The Trump administration is consulting U.S. auto companies about manufacturing rules that have been proposed during NAFTA renegotiations, providing an opportunity for the industry to push the government toward a breakthrough on one of the toughest issues in the talks, sources with knowledge of the consultations say.
Auto-industry insiders said the consultations in Washington with the Detroit Three – Ford Motor Co., General Motors Co. and Fiat Chrysler Automobiles NV – were called to talk about the NAFTA discussions and other trade issues, including possible tariffs on steel that President Donald Trump is considering, and an expected renegotiation of the country's free-trade deal with South Korea. Among other things, the Trump administration is gathering the companies' views on Canada's NAFTA proposals, one source said.
Jason Bernstein, the lead U.S. negotiator on automotive-content rules, abruptly left the seventh round of North American free-trade agreement talks in Mexico City earlier this week to participate in the consultations, government and industry sources said. His departure put auto negotiations on pause.
The office of U.S. Trade Representative Robert Lighthizer did not respond to a request for comment on the developments.
The Trump administration has demanded that the percentage of North American content in vehicles made in the NAFTA zone be boosted from 62.5 per cent to 85 per cent, and that 50-per-cent U.S. content be required for autos made in Canada or Mexico that are destined for export to the United States. Both Canada and Mexico have rejected the demand.
Last month, in Montreal, Canada floated a potential compromise that would create incentives for auto companies to use North American steel and aluminum, expand existing plants in the NAFTA zone and build new ones, invest in research and development, and build electric and self-driving cars.
One source at an auto company said the industry has responded well to Canada's suggestions. Last month, Fiat Chrysler chief executive Sergio Marchionne described the Canadian approach as "the beginning of a solution to this problem," and the focus on new technologies in vehicles "a good thing."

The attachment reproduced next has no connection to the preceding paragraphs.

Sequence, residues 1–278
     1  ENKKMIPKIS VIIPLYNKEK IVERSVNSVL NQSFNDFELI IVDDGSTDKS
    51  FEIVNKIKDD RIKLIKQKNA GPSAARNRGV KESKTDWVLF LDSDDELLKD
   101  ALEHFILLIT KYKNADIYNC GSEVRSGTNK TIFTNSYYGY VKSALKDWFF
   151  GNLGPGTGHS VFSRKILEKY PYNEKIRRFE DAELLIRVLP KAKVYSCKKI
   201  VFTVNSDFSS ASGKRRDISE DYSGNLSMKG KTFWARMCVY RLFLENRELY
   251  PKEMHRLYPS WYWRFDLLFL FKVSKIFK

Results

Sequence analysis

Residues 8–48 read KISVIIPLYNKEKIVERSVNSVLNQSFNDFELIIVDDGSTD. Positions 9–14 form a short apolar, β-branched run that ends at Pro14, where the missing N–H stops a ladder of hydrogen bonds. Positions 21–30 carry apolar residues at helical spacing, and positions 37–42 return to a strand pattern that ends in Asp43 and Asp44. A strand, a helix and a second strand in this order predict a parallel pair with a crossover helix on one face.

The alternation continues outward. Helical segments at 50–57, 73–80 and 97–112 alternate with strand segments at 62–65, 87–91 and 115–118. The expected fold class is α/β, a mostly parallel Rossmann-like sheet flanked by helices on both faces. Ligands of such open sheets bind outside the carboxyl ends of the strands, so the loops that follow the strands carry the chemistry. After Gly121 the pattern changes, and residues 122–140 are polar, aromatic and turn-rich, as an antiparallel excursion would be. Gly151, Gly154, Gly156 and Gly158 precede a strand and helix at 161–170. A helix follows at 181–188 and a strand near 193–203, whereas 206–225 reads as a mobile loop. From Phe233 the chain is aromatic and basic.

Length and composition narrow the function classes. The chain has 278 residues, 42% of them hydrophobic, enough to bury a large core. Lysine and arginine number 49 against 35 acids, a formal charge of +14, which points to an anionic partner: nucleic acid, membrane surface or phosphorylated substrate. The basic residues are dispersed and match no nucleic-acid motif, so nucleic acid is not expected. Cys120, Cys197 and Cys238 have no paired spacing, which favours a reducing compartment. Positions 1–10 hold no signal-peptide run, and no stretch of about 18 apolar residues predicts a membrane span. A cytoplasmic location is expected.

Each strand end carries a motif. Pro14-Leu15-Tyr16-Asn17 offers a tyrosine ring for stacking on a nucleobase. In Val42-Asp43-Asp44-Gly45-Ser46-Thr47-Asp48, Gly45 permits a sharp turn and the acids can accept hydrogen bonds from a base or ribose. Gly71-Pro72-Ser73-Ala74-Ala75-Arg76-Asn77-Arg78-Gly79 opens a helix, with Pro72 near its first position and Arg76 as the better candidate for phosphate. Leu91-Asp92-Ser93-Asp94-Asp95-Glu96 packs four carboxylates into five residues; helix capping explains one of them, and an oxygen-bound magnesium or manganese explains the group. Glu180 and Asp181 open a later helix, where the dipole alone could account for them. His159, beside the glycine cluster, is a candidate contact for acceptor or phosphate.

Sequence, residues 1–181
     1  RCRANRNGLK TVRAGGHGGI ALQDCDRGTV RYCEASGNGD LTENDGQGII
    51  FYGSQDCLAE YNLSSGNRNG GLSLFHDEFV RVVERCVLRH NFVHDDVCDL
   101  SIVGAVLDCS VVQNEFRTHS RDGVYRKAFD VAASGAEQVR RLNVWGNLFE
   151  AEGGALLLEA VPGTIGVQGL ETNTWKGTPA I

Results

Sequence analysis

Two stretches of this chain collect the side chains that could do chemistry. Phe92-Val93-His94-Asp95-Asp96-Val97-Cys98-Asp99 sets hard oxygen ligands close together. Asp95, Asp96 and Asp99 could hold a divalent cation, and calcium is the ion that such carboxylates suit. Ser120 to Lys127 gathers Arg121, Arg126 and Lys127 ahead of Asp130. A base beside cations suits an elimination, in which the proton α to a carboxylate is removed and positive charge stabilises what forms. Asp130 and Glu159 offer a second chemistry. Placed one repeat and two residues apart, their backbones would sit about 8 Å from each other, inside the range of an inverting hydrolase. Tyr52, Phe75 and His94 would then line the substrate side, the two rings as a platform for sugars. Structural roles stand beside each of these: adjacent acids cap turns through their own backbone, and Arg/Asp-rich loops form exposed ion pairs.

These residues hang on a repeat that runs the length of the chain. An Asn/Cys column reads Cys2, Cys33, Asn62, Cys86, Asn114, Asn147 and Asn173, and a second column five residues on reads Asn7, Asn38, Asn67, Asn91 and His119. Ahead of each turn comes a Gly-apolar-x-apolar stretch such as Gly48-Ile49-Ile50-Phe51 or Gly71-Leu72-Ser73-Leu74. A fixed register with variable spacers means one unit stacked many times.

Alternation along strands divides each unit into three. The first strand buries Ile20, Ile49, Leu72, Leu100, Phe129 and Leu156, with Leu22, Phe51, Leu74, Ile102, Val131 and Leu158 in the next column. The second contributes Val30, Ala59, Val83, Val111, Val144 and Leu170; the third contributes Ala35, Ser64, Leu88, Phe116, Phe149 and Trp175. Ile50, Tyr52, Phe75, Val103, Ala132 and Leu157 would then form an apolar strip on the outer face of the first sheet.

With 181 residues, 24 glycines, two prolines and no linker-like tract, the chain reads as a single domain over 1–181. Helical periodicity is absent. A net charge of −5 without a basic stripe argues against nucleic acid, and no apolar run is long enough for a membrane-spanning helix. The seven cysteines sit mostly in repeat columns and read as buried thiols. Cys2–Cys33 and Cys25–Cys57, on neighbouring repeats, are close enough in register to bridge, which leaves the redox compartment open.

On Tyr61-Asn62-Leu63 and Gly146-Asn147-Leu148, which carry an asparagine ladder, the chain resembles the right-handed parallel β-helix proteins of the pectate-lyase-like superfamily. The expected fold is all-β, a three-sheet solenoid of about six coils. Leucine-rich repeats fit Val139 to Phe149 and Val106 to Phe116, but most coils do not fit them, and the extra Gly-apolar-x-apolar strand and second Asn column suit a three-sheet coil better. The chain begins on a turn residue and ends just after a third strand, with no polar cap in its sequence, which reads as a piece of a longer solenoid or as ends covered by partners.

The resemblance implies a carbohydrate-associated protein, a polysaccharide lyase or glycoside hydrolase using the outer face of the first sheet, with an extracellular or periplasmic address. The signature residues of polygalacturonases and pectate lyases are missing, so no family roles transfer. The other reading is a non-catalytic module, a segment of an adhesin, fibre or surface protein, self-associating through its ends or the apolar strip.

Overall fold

But a key issue, the auto-company source said, is that the Canadian ideas have no numbers attached, so it is difficult for companies to assess how the proposals would work.
The three governments renegotiating the trade agreement need to talk to the industry to determine if the proposals can be made to work, this source said, noting that the industry has made it clear that if new NAFTA content requirements and rules of origin are too strict, auto companies will not try to meet them and will simply pay the tariffs.
At the consultations, the U.S. government can expect to hear again about how important free trade is to the auto industry, said Mark Nantais, president of the Canadian Vehicle Manufacturers Association, which represents the Canadian units of the Detroit Three companies.
"The investments they make in Canada and Mexico are also vitally important to competitive supply chains," he said.
Meanwhile in Mexico City, Mr. Bernstein's absence froze auto negotiations after a single day of discussion on Sunday. Both Canada and Mexico plan to present more detailed proposals – based on Canada's Montreal pitch – but it was unclear when they would have the opportunity.
Mexico's chief NAFTA negotiator, Kenneth Smith Ramos, told reporters Tuesday that he hoped auto discussions could resume by the end of the week, and that Canada's proposals would be more fully fleshed out.
"We are hoping that by the end of the week, we will have more clarity as to some of the ideas that Canada put forward in Montreal. We are discussing them with our industry with the hope of advancing," he said.
Flavio Volpe, president of Canada's Automotive Parts Manufacturers' Association, said any consultation between the U.S. government and the auto industry is "a substantively good development for Canada."
Mr. Volpe said it is possible the three countries could reach a breakthrough on autos in the next few weeks. Negotiators could agree to a broad framework, he said, and leave technical details to be hashed out quietly afterward.
Daniel Ujczo, an international trade lawyer at Dickinson Wright, cautioned that it is not yet clear whether the Trump administration is seriously interested in incorporating the industry's views into its negotiating position – or if its intention is to expound to the companies on its own protectionist viewpoint.
"Any time there's consultation with industry on a presentation made in these talks, it's a positive story," he said. "The wild card is: Is the U.S. trade representative listening? Is it truly a dialogue, or just one side talking? That remains to be seen."